USPS Looks To Replace the LLV, Starts With Delivery Trucks

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USPS Looks To Replace the LLV, Starts With Delivery Trucks

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Earlier this month the United States Postal Service prequalified 15 automakers to submit bids to build new postal trucks.

Trucks to replace the Grumman Long Live Vehicle, manufactured from 1987 to 1994. Despite being the butt of government standardization jokes, the LLV isn’t that bad, so long as you can look beyond the 60 MPH top speed, narrower front wheels, and inline-4 Iron Duke engine.

And avoid driving in snow. The LLV is terrible at that. But I guess that’s what you get when you have a one ton rear wheel drive box made of aluminum with the rear axle of a Chevy S-10 and the front axle of a Chevy Blazer.

It’s really not fair, though, to compare the LLV to a car or truck. Like most custom government built vehicles, it’s not made for performance or comfort. Rather, it’s made to last 20 years, but the 140,000 LLVs in the Postal Service’s fleet attest that, with regular maintenance, they can last much longer.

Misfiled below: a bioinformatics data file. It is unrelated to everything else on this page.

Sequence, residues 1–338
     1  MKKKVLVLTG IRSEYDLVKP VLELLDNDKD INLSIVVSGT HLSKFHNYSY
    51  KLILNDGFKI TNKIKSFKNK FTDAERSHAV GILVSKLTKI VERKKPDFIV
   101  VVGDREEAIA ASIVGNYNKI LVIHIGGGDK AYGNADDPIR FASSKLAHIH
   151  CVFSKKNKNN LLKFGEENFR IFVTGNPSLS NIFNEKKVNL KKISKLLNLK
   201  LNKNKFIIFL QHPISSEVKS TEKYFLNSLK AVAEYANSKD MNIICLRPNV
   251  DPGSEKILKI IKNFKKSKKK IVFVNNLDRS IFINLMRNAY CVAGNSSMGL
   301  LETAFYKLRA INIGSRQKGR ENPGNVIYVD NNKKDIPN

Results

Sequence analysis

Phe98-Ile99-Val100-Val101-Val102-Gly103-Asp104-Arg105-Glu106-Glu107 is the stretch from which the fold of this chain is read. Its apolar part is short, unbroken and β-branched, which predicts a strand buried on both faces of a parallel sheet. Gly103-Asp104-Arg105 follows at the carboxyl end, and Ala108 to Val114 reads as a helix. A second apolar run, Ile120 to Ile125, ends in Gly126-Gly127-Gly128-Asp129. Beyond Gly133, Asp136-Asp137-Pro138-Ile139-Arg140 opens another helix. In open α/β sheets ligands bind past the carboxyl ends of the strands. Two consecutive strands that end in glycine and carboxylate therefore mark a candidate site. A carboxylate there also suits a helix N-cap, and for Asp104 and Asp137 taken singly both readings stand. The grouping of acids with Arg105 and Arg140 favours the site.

However, all good things well, unique things must come to an end eventually. Or at least be withdrawn from daily service. Maintaining the LLVs now costs over $525 million dollars, and despite their promised 17 MPG, stop-and-go driving pushes the LLV’s gas milage into the single digits. Also, drivers hate them. Something about no heater.

So the USPS has decided it might be worth the $6.3 billion dollars to buy 212,000 new trucks.

And $214 million of those dollars are going to Spartan Motors, of Charlotte, Michigan, for a 2,000 new delivery trucks. These trucks are mostly 18 to 24 foot cabovers, so they won’t be replacing the LLV, but it’s still a good first step.

Hopefully, the $37.4 million the USPS gave to six companies to make a prototype vehicle that will replace the LLV is well spent; hopefully it generates a brand new postal truck that by some miracle the USPS will be able to afford; and hopefully thousands of used LLVs go to the auction block. It would be pretty cool to buy one.

Now, the USPS just needs $6.3 billion dollars. However, it’s operating at a $5.1 billion loss and has $78.9 billion in unfunded liabilities, according the the Government Accountability Office, which, in an unexpected-from-Washington move, admitted that “the status quo is not sustainable.”

So these trucks are still going to be on the roads for a while, much to the benefit of government standardization jokes. Oh, and if you want another one, under Soviet control, Zaporizhia only offered one pickup truck. It was a rear engine model.

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